Iron County was originally part of Marquette County. It was first surveyed in 1851 and the area was populated almost exclusively by Native Americans, the Menominee and Ojibwe tribes.
The original survey noted that there was presence of iron ore in the area, but it would be more than 20 years before it was mined. It was not until 1875 that European settlers arrived in numbers prospecting for iron ore.
The MacKinnon Brothers Arrive
The brothers Donald C. and Alexander MacKinnon arrived in April 1878 searching for ore deposits. They acquired land in the area in June of 1878 and came to stay in October of 1879. Donald and his brothers, Alex and Archie travelled by foot from the railhead at Quinnesec. Arriving in the valley of the Iron River they met the Seldens and built a temporary homestead cabin. The First permanent MacKinnon homestead cabin was built west near the site that would become Beta Mine.
MacKinnon was born in Canada to Scottish immigrants on April 5, 1846. Donald was born 2 years after his family arrived in Canada. The homesteaded near the waters of the Georgian Bay. There were nine MacKinnon children, three of them would come to Iron County.
Donald left school at only 14 years old. He started working as a carpenter and then later a mechanic and located near Marquette in 1864. Eventually he would become a contractor and builder in the Iron Range Mines area.
Mining Interest Grew
He developed an interest in mining and within a few months of his first visit or Iron River he discovered several ore bodies. The Nanaimo was the first mine to ship from Iron River and the Beta. He filed claims on both of these mines.
Two important ore strikes were made in 1880 along the Paint and Iron Rivers. The first by John Armstrong on the Paint River. He would open the Crystal Falls Mine. The second was Donald C. MacKinnon on the Iron River. He would open the Iron River (Riverton) mine.
These two mines created the two main population centers of the county. The county saw an influx of more prospectors as the mines enjoyed enormous success. Eventually there would be 70 mines producing ore in the county.
Iron River is Platted
In 1881 he plated the town of Iron River along with his brother Alexander. Donald was not happy with the routing of the proposed railroad. He did his own survey and headed to Chicago. There he persuaded the railroad officials to change the route.
The town was given a station on the Chicago & Northwestern Railroad and the post office was renamed Iron River on September 8, 1882.
In 1885 Iron River was incorporated as a village and then as a city in 1926. The first permanent structure, an inn was built by James Innis.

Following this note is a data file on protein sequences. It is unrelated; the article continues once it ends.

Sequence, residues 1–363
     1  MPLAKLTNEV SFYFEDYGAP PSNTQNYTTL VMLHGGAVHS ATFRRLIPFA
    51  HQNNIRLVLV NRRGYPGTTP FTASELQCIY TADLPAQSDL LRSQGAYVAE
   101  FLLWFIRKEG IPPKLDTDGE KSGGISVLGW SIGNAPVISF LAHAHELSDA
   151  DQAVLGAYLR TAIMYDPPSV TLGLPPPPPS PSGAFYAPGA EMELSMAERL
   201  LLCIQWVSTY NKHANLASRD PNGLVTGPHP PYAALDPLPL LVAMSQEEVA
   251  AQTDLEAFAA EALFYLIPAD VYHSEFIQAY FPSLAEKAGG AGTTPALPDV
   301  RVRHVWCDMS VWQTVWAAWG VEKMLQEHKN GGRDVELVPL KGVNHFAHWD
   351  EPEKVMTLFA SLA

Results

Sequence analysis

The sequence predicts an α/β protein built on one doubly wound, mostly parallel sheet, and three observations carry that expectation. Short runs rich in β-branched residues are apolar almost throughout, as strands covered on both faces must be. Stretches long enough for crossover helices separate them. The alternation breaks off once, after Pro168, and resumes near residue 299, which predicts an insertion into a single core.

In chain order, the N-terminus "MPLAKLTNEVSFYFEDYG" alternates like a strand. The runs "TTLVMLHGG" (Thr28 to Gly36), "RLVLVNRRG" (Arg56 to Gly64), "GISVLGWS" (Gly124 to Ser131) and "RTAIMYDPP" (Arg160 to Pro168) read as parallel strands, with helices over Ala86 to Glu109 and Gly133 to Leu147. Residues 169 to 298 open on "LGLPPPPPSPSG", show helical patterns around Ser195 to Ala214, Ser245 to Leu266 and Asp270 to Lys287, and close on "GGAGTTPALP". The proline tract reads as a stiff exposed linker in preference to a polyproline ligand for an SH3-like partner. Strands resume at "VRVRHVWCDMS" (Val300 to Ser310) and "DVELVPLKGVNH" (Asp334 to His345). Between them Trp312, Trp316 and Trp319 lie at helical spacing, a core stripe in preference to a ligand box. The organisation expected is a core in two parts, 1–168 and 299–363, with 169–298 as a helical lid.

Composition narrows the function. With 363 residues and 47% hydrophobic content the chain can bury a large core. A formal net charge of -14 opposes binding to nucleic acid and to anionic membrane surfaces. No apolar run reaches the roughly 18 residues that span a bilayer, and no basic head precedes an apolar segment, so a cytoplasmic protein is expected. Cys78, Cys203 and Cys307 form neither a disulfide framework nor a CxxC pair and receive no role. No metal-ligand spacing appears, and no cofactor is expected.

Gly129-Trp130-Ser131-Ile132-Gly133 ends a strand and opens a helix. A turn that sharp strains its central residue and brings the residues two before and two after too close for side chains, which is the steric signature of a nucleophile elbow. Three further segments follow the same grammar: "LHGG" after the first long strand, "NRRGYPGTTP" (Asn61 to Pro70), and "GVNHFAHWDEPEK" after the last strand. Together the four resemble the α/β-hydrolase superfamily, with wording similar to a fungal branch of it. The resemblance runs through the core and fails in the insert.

Donald Elected First President of Village
When the village government was created he was elected the first President. His brother Archie became one of the trustees before leaving for Seattle Washington where he would pass away in 1910.
Donald was sometimes called the “Grand Old Man of Iron River”. It is believed that he contributed more to the iron mining industry in the area than any other man.
He died in 1913 in Negaunee. Leaving behind his wife of 29 years and 3 children. He had two sons and a daughter, Donald C. Samuel J. and Sarah.
Iron River Centennial Book
In the Iron River centennial book 1981 page 37 “The MacKinnon Home” told by daughter Sara MacKinnon McDonough
“The story of the MacKinnon Manse, one of the largest and oldest homes in Iron River, is interesting in itself. It became a pawn in the location of a new school building in 1927. MacKinnon house was saved when it was moved a few blocks distant to a new location. It was rejuvenated and expanded. The marrying, burying parlor with its exquisite parquet floors of light and dark design continued to serve as a social center for the elite of the town. The affairs were not quite the same as in the early days when Mother had all the furniture removed to the garage and the fiddler played all night for the dance but were more often events held…with a little social rivalry.”
Mr. and Mrs. Randolph Hearst of Chicago were among the parade of visitors.
A Return to Glory
The original home furnishings were replaced little by little with current styles. Later in life, Sara McDonough (MacKinnon) would try to return the atmosphere to the him by adding antiques.
The home was a two story late Victorian house constructed in 1885 at 411 North Ninth Street. The home featured glassed-in porches and cross-gabled roof with wide eaves and scrolled brackets underneath with an unusual fleur de lis design. As noted by Sara the home was moved in 1927 several blocks from its original location to make way for a new school.
After her husband died in 1948 she would move to Beloit. There she serves as a housemother for a fraternity and would return to the old house for vacations and summers. Upon her retirement she moved full time into the house build by her father. She passed away in 1977 living to see the appointment of the home to the State Historical Registry in 1974.
The home is missing and presumed demolished and as of 212 a Dollar General store is located in that spot. It is believe it was demolished around 2000.
Historical Marker – MacKinnon House
Industry and Invention (1875 – 1915) – Registered in 1974 and erected in 1978 – ID # S613A
Located at 411 North Ninth St., Iron River – Lat: 46.08000700/Long: -88.62894700
Donald C. MacKinnon built this house, said to be one of the oldest frame houses in the area, in the mid-1880s. He came to the vicinity in 1878 with W. H. Selden, founder of Stambaugh, seeking iron ore. Platting the village of Iron River in 1881, Donald and his brother Alexander filed claims for the first mines, the Nanaimo and the Beta, and helped bring in the railroad in 1882. Donald MacKinnon also served as the first village president. His daughter Sara, born in 1894, married Martin McDonough, an attorney involved in the 1920 “Rum Rebellion” incident.